The International Olympic Committee has refused requests to hold a special tribute at the London Olympic opening ceremonies, 40 years after the Israeli athletes were killed by Palestinian gunmen at the Munich Games.
A motion in the House of Commons by Liberal MP Irwin Cotler to support the initiative for a special tribute was adopted unanimously Wednesday.
The IOC's refusal to honour the athletes with a moment of silence has left Israeli officials fuming.
It has also led to a growing global campaign to convince the Olympic governing body to reverse its decision.
Minister of State for Sport Bal Gosal and Minister of Foreign Affairs John Baird asked IOC president Jacques Rogge to reconsider his position in a letter sent last week.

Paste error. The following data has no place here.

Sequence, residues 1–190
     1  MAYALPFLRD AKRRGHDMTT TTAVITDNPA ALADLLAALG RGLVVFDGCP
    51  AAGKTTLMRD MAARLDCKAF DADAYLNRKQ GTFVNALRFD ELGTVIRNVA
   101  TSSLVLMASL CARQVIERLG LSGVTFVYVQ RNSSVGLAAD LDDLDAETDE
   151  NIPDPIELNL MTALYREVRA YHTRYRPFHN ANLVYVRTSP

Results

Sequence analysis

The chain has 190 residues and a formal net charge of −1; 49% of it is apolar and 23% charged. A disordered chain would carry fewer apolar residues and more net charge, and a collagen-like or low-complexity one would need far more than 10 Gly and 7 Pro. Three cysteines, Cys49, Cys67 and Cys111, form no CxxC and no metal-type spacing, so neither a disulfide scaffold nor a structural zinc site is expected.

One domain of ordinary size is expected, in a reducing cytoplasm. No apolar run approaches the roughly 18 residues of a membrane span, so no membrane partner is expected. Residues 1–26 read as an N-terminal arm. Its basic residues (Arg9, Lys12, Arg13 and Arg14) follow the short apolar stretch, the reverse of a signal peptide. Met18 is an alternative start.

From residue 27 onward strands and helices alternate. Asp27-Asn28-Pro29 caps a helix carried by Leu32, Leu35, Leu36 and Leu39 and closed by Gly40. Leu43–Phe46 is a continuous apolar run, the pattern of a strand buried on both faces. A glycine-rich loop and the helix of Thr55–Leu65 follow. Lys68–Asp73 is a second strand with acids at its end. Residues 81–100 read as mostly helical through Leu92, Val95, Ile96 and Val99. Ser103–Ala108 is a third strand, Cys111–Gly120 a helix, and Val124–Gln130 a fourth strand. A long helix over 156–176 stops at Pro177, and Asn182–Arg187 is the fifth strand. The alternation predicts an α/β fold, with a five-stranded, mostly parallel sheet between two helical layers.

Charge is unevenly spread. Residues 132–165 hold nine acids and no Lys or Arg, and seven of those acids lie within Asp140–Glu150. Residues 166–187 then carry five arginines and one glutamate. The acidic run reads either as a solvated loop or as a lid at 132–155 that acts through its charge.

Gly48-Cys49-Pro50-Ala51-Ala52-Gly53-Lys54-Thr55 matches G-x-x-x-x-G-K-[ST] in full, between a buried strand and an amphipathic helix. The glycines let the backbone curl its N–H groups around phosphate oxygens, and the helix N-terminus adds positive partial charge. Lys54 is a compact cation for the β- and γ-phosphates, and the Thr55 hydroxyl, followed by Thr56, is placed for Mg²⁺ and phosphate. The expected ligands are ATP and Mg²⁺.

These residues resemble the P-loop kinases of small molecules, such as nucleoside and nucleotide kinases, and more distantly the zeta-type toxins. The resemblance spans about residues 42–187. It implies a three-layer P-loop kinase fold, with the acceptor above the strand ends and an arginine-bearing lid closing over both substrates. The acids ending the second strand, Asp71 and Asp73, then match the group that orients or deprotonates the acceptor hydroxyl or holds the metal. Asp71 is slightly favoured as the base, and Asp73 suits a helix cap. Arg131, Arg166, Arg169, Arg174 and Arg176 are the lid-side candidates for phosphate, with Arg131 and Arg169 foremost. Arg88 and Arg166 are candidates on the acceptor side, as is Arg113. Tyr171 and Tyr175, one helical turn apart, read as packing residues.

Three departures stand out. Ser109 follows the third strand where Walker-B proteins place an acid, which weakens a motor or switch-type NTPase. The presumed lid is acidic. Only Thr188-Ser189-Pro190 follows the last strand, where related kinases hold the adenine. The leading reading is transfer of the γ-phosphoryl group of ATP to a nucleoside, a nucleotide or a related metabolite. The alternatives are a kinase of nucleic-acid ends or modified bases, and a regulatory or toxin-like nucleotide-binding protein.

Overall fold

"The terrorist attack targeted not only Israel, but the spirit and goals of the Olympic movement," they wrote. "Given the impact of this tragedy, on the Olympic community as a whole and the world, it should be marked publicly as part of the official ceremony of the games, not just by the Israeli delegation."
In the second week of the Munich Games, eight members of the Black September militant group penetrated the laxly secured Olympic village and took Israeli team members hostage. A day later, all 11 were dead.
German police killed five of the eight assassins during a failed rescue attempt and Israeli agents tracked down and killed the others. The Games were briefly suspended.
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